Joe Lovano The Melody Inside the Melody

On The Corner Masthead


November 3, 2022 | by Richard Scheinin

Joe Lovano at SFJAZZ (Photo by Rick Swig).

Saxophone great Joe Lovano returns to SFJAZZ with four nights of performances with four unique bands (11/17–20). SFJAZZ staff writer Richard Scheinin spoke to Lovano about his career and upcoming concerts, including his quartet night with Renee Rosnes, Peter Washington and Lewis Nash, which will be broadcast on 11/18 as part of SFJAZZ At Home’s Fridays Live series.

Ask Joe Lovano a simple question — “What’ve you been up to, Joe?" — and the stories start to multiply.

For instance, the saxophonist has just premiered a concerto with the Fort Worth Symphony Orchestra, and is about to perform it again with the London Philharmonic Orchestra. Titled a raft, the sky, the wild sea, composer Douglas J. Cuomo wrote it specifically for Lovano, who solos throughout the 30-minute work — a meditation on the plight of refugees around the world. “Phenomenal piece, man,” he says. “There’s no rhythm section, but I’m kind of moving in and around things, exploring and finding the music inside the music.”

Which is his way of saying that he’s searching — always, in any musical situation — for a certain point of spiritual release where his voice as a saxophonist, his own musical fingerprint, can start to emerge and flow inside the form. He wants it to be spontaneous, intimate, free. He wants to find his own “melody inside the melody.” That’s what he was aiming for a few weeks previous when he performed tunes by Thelonious Monk at Smoke, the Manhattan nightclub — this time with a rhythm section anchored by the great drummer Al Foster. And it’s what he was aiming for when he recently performed with drummer Will Calhoun, of the band Living Colour, in a New York benefit show for disaster relief to Puerto Rico in the wake of Hurricane Fiona. “I had never played with Will before, and, man, we captured something together. It was real special for that moment, and we sort of just played free and then we played one of Monk’s tunes” — he sings a bit of "Bemsha Swing" — “and then we also played a piece for (the late) Pharoah Sanders, because Will had played with Pharoah like 20 years ago. It was a real spiritual moment, a prayer-like piece with shades of `The Creator Has a Master Plan.’”

You get the idea. For Lovano, who turns 70 in December, every musical situation is a springboard to the next. A revered saxophonist with an unmistakable sound — warm and wooly, soft-edged but somehow penetrating — he is always developing some new project that will allow him to discover those secret melodies. His interests are wide. The diversity of his experiences is remarkable. Over the past 50-plus years, he has played soul-jazz with Dr. Lonnie Smith and “Brother” Jack McDuff. He has played with Woody Herman’s big band, a gig that landed him, at age 23, in Carnegie Hall, sitting next to Stan Getz. “Imagine that,” he says with a laugh. He spent years in drummer Paul Motian’s trio with guitarist Bill Frisell, playing a kind of pared-back mystery music of sound and silence. Starting in 1990, he released nearly two dozen albums on the Blue Note label. They cover a huge territory: bebop tunes by Tadd Dameron; Frank Sinatra hits and Enrico Caruso arias; freedom music with drummer Elvin Jones. Now signed to ECM, he has three new albums in the works. In every situation, he will tell you, he is looking for “spontaneity within the forms.”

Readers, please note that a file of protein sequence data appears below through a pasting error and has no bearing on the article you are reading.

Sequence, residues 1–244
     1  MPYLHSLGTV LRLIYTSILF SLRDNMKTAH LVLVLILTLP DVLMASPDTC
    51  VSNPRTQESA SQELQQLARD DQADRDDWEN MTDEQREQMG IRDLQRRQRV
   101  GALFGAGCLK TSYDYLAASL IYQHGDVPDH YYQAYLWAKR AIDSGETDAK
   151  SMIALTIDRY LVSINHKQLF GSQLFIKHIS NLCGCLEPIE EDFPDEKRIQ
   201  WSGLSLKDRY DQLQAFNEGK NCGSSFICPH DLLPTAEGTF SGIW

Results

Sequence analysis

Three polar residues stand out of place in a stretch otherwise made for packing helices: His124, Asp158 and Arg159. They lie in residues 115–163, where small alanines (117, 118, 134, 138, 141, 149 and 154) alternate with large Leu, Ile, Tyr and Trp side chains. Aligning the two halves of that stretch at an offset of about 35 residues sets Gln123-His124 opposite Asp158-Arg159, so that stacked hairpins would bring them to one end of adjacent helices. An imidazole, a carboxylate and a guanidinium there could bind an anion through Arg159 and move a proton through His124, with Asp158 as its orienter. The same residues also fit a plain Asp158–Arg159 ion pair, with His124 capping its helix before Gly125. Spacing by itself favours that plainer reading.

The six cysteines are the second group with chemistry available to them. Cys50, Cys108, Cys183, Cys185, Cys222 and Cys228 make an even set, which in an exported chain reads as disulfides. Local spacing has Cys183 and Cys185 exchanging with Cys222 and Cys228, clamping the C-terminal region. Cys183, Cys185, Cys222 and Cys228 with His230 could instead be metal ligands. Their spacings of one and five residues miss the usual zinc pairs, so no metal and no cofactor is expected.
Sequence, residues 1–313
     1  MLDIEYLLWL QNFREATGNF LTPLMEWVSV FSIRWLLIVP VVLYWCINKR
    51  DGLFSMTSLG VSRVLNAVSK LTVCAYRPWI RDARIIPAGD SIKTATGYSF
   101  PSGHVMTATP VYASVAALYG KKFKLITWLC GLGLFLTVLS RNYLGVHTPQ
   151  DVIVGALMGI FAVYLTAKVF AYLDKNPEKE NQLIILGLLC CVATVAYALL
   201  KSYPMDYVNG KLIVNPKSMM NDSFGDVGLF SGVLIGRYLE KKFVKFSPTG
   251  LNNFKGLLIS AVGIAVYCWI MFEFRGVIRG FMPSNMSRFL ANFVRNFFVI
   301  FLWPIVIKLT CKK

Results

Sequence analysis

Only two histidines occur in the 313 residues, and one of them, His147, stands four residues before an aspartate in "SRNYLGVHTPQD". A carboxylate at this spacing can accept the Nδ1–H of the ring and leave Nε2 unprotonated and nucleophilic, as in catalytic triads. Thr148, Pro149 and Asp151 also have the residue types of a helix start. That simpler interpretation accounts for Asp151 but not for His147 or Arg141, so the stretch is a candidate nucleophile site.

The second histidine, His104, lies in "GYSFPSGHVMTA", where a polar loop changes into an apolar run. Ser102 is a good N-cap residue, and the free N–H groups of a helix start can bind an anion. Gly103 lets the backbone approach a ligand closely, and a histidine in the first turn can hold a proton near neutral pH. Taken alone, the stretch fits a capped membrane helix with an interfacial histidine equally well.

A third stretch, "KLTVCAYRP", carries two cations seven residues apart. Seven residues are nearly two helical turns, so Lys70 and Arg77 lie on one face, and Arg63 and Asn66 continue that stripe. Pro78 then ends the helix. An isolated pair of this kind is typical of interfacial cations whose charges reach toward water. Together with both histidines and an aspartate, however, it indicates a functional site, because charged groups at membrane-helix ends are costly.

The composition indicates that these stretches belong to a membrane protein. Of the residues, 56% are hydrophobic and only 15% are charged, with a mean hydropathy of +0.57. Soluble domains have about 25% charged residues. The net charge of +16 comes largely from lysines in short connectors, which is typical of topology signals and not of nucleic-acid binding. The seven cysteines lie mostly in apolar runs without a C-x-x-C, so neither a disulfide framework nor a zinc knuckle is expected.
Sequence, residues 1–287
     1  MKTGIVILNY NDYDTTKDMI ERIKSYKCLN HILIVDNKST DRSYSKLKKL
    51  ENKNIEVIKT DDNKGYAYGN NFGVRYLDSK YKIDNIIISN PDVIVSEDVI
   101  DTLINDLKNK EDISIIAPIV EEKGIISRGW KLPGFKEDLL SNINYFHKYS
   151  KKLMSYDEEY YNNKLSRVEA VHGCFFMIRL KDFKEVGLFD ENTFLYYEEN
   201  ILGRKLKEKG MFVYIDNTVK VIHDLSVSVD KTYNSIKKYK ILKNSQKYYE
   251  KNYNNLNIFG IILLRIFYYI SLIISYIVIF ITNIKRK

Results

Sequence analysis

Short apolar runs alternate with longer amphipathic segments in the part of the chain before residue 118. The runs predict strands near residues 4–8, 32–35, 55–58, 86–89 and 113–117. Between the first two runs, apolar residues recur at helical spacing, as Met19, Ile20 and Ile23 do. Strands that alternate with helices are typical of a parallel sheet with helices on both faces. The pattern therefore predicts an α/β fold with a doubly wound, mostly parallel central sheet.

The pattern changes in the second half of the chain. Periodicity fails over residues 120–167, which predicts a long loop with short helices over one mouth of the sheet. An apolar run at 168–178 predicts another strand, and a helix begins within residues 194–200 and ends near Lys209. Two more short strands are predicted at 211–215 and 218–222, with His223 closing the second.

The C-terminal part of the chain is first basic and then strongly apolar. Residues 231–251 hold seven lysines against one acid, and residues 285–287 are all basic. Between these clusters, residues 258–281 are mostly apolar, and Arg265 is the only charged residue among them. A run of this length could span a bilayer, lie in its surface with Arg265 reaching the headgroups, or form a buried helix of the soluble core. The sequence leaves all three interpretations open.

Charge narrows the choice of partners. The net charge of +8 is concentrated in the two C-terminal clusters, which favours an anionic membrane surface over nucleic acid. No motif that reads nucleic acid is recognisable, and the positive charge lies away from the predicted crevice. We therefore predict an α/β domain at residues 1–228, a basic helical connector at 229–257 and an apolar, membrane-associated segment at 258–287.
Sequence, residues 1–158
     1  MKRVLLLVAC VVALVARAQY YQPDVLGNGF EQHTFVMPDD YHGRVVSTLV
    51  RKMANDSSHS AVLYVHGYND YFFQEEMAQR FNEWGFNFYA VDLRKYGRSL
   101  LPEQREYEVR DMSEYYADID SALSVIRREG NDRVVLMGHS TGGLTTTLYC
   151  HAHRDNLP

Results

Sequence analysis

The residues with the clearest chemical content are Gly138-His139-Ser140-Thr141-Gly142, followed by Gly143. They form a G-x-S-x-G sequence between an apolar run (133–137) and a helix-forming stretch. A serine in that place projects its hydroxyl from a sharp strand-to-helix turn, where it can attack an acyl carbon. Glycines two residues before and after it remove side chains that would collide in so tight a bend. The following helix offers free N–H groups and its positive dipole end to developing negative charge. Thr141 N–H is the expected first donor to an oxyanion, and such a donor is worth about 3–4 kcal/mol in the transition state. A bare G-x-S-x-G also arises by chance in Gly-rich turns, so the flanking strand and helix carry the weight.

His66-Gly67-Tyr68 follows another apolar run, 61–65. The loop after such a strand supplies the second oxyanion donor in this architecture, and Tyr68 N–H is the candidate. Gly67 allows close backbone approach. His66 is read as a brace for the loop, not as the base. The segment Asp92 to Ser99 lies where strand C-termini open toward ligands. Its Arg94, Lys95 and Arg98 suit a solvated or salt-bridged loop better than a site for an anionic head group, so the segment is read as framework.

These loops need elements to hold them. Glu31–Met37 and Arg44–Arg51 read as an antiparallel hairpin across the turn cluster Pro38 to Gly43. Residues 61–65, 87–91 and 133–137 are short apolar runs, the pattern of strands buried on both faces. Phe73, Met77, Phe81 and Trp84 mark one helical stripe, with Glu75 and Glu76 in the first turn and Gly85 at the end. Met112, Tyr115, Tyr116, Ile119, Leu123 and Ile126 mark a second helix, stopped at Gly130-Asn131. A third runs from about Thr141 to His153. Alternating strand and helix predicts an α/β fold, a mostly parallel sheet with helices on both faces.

Joe Lovano performs will drummer Paul Motian and guitarist Bill Frisell, 1986.

He’s doing it again. This month at SFJAZZ (Nov. 17-20), Lovano leads four ambitious and stylistically diverse programs.

Night One features a B-3 organ power trio, harking back to his days with Lonnie Smith and Jack McDuff. Night Two features his Classic Quartet, drawing on repertoire he developed with the late piano master Hank Jones (which will also be streamed live on SFJAZZ At Home’s Fridays Live series). Night Three reunites Lovano with electric guitarist John Scofield; friends since student days, they play a kind of exploratory fusion that consistently surprises. Finally, Night Four features Sound Prints, a slyly explosive band that Lovano co-leads with innovative trumpeter Dave Douglas, who first made his mark in the 1980s with bands led by Horace Silver and John Zorn. The saxophonist and trumpeter share a good deal of history: From 2007-2009, they formed the front line of the all-star SFJAZZ Collective, which devoted one of those years to an exploration of the music of saxophonist Wayne Shorter. That experience flowed directly into the formation of Sound Prints, which is inspired by Shorter’s sound and concept — his way of finding “the melody inside the melody.”

Lovano grew up in Cleveland and describes his musical life as a tapestry of relationships. His father Tony “Big T” Lovano was a barber and one of the best tenor saxophonists in town. He took care of the family, gigged five or six nights a week, and jammed with everyone who passed through the city, including John Coltrane. “My dad was a character, man, and he really instilled in me about being versatile and playing in many settings so you could pay the phone bill.” He and his dad used to go toe-to-toe on the bandstand: “You had to learn to share the space, to just play off each other and be taken some place. My dad, he took me everywhere.”

I spoke to Lovano about his upcoming residency in San Francisco. It’s been a long time coming. A former Resident Artistic Director at SFJAZZ, Lovano hasn’t played at the Center since 2019. His 2020 residency was canceled because of the pandemic.

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